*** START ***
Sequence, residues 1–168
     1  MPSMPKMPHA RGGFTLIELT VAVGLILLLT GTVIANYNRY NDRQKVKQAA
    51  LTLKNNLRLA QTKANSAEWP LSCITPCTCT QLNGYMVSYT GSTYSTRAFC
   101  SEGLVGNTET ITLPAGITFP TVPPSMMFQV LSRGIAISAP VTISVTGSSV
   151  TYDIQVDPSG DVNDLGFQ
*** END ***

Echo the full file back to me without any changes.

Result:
Sequence, residues 1–168
     1  MPSMPKMPHA RGGFTLIELT VAVGLILLLT GTVIANYNRY NDRQKVKQAA
    51  LTLKNNLRLA QTKANSAEWP LSCITPCTCT QLNGYMVSYT GSTYSTRAFC
   101  SEGLVGNTET ITLPAGITFP TVPPSMMFQV LSRGIAISAP VTISVTGSSV
   151  TYDIQVDPSG DVNDLGFQ